Lindsey Hilsum is Channel 4 News International Editor, and has covered many of the conflicts of recent years including in Syria, Ukraine and the Arab Spring.
She was in Baghdad for the 2003 US invasion of Iraq, and in Belgrade for the 1999 NATO bombing. In 1994, she was the only English-speaking correspondent in Rwanda when the genocide began.
She has won awards from the Royal Television Society and BAFTA amongst others, and received the 2017 Patron’s Medal from the Royal Geographical Society.
She has just published a biography: “In Extremis - the Life of War Correspondent Marie Colvin”.
Her last book, “Sandstorm; Libya in the Time of Revolution”, was described by the Observer as “an account with historical depth to match dramatic reportage.”
In Kabul, the clock continues to tick for those wanting to flee Afghanistan. There was no let-up in the chaos at the city’s airport as families at the gates begged soldiers for a space on the departing planes.
The message from the Taliban today was clear – all foreign troops have to leave by Tuesday next week. Joe Biden wouldn’t budge from that deadline either, despite calls from other G7 leaders for a delay to allow more people to be evacuated.
The Taliban insist it’s a hard deadline – all foreign troops must leave Afghanistan by next Tuesday.
Thousands of Afghans are still desperate to leave and international governments are keen to get them out. It would all have been so much easier if NATO had held onto Bagram air base outside Kabul.
Taliban fighters have fired warning shots and attacked people with batons to break up a protest in the eastern city of Jalalabad, leaving several people dead or injured. There’s been more chaos outside the airport in the capital Kabul, as thousands of people tried to flee the country with one report claiming several people were…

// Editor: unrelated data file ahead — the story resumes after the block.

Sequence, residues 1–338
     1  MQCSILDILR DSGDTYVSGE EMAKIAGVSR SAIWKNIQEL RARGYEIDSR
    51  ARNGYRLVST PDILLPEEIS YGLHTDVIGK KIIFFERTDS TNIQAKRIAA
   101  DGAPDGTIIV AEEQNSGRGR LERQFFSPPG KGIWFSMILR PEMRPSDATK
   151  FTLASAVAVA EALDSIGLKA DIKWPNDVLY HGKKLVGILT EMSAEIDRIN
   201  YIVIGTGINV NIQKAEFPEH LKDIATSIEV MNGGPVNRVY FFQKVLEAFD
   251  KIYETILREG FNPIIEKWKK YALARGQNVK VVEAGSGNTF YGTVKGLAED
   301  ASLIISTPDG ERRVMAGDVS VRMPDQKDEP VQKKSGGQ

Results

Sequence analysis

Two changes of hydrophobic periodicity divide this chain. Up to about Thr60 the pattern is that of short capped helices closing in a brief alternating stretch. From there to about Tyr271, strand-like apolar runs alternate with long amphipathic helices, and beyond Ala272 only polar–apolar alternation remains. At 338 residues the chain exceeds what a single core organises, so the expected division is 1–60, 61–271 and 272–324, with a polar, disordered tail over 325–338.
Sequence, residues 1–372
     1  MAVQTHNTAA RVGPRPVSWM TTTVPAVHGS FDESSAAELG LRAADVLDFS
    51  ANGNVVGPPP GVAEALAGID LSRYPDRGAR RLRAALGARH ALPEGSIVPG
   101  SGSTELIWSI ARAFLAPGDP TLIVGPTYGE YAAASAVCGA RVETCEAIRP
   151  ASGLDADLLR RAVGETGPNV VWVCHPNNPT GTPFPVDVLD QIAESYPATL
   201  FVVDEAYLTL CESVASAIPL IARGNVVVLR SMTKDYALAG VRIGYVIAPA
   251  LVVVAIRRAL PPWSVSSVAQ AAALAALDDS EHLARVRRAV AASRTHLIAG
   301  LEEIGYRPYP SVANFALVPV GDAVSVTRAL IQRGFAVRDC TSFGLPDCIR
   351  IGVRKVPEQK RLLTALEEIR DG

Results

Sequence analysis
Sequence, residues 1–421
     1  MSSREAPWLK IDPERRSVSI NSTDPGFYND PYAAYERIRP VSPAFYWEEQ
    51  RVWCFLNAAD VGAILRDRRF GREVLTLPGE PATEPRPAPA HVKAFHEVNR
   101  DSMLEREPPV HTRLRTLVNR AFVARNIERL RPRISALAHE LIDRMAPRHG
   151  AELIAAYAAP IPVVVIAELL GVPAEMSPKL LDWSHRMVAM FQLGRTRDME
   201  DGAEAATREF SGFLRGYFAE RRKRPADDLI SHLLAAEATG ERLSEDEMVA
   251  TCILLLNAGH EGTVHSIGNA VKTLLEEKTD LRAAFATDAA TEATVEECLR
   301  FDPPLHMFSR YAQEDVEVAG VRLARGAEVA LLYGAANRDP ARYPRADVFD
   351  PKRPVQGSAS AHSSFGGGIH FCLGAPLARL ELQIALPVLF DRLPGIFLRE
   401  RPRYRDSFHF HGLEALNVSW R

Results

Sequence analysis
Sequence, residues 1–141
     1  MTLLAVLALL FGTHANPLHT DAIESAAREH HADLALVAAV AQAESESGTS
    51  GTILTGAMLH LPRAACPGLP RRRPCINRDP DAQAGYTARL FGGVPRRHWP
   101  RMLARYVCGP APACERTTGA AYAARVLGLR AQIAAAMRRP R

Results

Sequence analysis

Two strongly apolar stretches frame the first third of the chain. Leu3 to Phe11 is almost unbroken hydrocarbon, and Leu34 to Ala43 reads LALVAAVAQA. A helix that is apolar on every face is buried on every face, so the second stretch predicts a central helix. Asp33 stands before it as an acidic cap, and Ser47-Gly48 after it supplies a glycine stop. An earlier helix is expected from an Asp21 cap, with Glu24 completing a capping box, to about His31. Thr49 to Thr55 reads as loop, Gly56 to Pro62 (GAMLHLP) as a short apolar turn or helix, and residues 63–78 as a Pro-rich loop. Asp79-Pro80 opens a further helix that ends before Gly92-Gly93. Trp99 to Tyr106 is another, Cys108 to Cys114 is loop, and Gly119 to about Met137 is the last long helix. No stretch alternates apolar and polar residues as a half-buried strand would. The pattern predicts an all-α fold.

In a surreal press conference beamed around the world earlier, the Taliban stated that all Afghans would be safe and all women would have a right to education in accordance with Sharia law. What those promises mean in reality is far less clear.
It’s a chilling image – dozens of people so desperate to escape Afghanistan that they cling to a US plane as it moves along the runway.
Tonight all the latest from the capital where Taliban statements about remaining at the edge of the city have evidently been ignored by their own men.
Our international editor Lindsey Hilsum reports on the latest from Afghanistan.
Four more Afghan provincial capitals have fallen into Taliban hands today.
Our international editor Lindsey Hilsum is in the newsroom now with the latest reaction from governments around the world.
Nine of Afghanistan’s 34 provincial capitals have now fallen into Taliban hands, with militants taking control over three more in the past 24 hours.
A United States negotiator has warned the Taliban that if they seize power in Afghanistan by force, they’ll be treated as international pariahs.
Thousands of people have fled their homes in the Afghan city of Kunduz, amid intense fighting for control between Taliban fighters and government forces.
One year on, no top official has been held to account.